Protecting Your Company From Legal Liability

A workplace or product mistake can slow or outright ruin what would otherwise be a productive day of business as usual. It’s unfortunate on multiple levels when you get the news that a project your company has worked on has caused someone harm, whether that be an employee or a consumer. It could be a problem with a machine you own, a product you distributed, or your computer systems, leaving you with some damage control to take care of. Essentially, your brand — your work and livelihood — is liable for these mistakes.

Some companies never come back from these things. There is generally a lot of damage done by faulty products or machines and countless examples of lawsuits resulting from these damages. Sure, mistakes happen, but some are too big to pretend they don’t matter.

If you want to protect your company, you need to be on the lookout early to ensure these mistakes happen as infrequently as possible, as many liability issues can be prevented. Additionally, you need to have damage control systems set in place so that when mistakes do occur you are able to handle them with the smallest hit to your operations. Steering clear of storms, as well as being prepared for them when they do arise, will allow you to stay afloat.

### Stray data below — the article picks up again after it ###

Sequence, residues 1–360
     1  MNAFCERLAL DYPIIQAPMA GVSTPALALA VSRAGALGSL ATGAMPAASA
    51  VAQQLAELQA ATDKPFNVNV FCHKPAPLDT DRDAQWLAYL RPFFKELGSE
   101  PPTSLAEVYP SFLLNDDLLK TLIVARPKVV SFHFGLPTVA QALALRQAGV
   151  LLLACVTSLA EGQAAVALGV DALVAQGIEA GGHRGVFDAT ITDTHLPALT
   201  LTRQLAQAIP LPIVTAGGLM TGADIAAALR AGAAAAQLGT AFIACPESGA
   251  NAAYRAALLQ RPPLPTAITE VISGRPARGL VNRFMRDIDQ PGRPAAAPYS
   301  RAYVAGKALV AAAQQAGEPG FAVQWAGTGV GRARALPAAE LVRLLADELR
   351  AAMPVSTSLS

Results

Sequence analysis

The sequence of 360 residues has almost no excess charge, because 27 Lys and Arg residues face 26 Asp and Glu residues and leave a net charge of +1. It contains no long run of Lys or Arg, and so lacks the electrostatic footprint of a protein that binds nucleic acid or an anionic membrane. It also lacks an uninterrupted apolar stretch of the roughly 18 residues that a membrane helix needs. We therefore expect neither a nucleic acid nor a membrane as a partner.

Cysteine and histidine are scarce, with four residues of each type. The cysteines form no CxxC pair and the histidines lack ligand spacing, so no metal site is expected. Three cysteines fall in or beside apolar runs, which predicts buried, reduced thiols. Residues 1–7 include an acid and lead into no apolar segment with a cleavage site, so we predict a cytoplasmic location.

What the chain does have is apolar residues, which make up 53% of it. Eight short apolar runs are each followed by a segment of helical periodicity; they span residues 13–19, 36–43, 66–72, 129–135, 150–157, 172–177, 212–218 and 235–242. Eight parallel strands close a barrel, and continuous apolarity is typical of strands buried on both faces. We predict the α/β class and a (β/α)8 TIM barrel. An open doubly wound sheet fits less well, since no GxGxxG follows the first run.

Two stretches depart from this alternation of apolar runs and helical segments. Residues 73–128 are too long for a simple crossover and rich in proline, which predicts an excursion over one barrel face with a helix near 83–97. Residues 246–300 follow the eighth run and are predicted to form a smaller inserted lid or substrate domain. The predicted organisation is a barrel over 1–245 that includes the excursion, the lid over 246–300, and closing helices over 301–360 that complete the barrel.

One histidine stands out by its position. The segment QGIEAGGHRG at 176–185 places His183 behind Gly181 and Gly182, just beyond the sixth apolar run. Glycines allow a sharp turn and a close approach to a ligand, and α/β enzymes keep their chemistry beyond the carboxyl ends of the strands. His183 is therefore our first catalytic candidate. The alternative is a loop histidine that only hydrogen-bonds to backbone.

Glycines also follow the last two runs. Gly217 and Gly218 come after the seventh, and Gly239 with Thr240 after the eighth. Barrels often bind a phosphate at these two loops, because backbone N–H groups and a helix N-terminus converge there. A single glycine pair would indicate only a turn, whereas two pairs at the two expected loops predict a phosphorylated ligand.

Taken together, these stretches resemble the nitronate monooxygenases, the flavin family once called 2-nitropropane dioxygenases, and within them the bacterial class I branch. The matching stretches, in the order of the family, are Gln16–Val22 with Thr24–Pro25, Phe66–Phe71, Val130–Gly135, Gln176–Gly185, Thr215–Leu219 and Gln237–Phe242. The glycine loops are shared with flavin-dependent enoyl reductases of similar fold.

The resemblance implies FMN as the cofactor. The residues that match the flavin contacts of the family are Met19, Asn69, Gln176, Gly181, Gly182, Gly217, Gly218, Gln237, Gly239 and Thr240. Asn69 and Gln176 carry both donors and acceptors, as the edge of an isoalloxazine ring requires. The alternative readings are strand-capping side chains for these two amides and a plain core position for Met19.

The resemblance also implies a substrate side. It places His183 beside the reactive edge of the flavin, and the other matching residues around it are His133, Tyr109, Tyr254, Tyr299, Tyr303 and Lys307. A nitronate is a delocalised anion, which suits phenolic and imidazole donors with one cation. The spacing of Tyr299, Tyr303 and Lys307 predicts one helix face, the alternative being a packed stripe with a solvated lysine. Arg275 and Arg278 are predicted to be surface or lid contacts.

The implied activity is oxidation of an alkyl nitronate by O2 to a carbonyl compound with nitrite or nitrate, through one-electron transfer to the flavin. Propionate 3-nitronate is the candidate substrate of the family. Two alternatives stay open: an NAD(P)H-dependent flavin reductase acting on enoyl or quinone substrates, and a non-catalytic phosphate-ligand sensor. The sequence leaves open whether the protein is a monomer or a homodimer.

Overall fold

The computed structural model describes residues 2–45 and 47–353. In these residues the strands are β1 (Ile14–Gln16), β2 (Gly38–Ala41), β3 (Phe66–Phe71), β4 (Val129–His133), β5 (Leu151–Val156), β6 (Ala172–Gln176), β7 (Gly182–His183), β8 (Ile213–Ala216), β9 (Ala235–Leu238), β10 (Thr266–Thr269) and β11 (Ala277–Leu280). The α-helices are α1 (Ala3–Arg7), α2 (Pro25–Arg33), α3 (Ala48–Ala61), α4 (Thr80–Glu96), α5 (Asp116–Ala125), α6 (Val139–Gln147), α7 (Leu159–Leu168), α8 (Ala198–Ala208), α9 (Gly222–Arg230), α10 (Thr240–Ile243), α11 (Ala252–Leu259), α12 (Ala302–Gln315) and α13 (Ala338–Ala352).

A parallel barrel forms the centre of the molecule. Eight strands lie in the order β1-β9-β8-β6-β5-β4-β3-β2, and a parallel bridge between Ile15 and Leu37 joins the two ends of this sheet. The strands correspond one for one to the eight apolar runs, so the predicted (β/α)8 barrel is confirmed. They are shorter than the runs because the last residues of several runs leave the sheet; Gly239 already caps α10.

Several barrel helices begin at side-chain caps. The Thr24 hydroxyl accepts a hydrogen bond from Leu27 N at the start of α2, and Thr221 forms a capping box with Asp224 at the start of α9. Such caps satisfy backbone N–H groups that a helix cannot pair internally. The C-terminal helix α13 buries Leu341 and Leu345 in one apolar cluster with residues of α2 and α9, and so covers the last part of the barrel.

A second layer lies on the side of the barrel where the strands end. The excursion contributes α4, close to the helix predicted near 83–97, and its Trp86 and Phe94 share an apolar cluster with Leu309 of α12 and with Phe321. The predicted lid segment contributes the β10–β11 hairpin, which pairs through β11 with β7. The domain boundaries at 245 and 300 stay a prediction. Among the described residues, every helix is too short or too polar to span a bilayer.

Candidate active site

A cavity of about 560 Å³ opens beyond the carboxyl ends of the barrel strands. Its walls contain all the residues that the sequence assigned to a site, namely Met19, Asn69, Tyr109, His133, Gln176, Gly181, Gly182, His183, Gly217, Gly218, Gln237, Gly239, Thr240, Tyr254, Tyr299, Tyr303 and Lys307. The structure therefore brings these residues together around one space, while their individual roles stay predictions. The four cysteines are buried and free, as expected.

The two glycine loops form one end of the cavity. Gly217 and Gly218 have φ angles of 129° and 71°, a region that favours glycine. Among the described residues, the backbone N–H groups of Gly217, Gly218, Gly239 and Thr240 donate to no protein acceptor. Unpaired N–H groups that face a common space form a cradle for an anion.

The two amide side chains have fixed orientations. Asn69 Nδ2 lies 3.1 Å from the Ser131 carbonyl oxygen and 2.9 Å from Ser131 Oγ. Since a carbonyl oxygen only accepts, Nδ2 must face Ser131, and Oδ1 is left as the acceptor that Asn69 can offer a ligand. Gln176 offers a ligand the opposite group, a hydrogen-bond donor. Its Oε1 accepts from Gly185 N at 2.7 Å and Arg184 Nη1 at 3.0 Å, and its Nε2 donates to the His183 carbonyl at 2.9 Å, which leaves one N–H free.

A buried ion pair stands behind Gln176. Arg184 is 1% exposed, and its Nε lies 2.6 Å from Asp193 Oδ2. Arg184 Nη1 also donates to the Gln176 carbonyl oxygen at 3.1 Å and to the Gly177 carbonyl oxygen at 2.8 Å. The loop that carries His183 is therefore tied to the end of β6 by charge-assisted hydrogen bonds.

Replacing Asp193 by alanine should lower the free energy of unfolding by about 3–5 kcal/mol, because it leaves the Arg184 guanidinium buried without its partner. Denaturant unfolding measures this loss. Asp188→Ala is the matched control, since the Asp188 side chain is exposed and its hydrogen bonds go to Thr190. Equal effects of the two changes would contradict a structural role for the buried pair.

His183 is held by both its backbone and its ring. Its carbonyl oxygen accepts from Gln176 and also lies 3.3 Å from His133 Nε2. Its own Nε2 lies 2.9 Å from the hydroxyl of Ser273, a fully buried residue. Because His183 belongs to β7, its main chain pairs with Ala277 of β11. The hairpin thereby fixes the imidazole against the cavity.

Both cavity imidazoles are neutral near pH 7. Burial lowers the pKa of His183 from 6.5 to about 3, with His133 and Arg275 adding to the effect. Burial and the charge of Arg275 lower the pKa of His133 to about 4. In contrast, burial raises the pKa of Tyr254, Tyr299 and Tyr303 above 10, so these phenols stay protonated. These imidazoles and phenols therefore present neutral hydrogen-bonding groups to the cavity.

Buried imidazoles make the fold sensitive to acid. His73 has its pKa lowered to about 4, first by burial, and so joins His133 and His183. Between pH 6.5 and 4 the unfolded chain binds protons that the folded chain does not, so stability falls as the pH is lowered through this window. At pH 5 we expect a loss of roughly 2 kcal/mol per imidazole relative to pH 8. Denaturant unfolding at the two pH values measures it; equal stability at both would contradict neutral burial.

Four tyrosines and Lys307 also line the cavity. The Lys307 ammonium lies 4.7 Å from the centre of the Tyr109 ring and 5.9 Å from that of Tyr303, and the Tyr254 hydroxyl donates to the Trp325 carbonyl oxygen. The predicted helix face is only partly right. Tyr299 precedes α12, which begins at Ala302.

Preventative Methods

Number one in your set of priorities should be reducing liability before mistakes happen. You can prepare for negative happenstances all you want, but you shouldn’t have to count on them happening more than they need to. Therefore, you need to take some preventative methods toward reducing liability.

A good way to prevent liability is to keep your work spaces up to code. It’s important for you to know OSHA regulations and make sure things are in working order. Those health and wellness rules are actually there to prevent liability issues. Here are a few pointers on keeping your work environment legally safe:

  • Ensure that all hazards are known to employees.
  • Train all employees with a safety-first mindset.
  • Regularly inspect the workplace for potential malfunctions.
  • Adapt to safer work operations when possible.

When considering liability as it pertains to consumers, there needs to be a focus on a diligent caution. It’s important to be aware of how someone might be affected if your products are made incorrectly or used in a wrong way. Of course, the materials used should (to whatever extent possible) be safe as well. Squashing risk means preventing damage.

Taking Proper Protections

Think of protections as damage control. They are for the well-being of a workplace and the company. Some of them are in place due to the law, but companies are legally liable if they don’t include a warning label or materials information with the packaging and distribution of each product. If there isn’t a law requiring you to disclose this information, it may still be something to think about so you are not sued for negligence.

Along with company protections for product malfunction, worker protections need to be ensured as well. Workers’ compensation is the most commonly known example of this because employees need to be protected should something go wrong on the job. In addition to workers’ comp protections, you should have a health and safety expert help you set up safety rules and programs to prevent risks.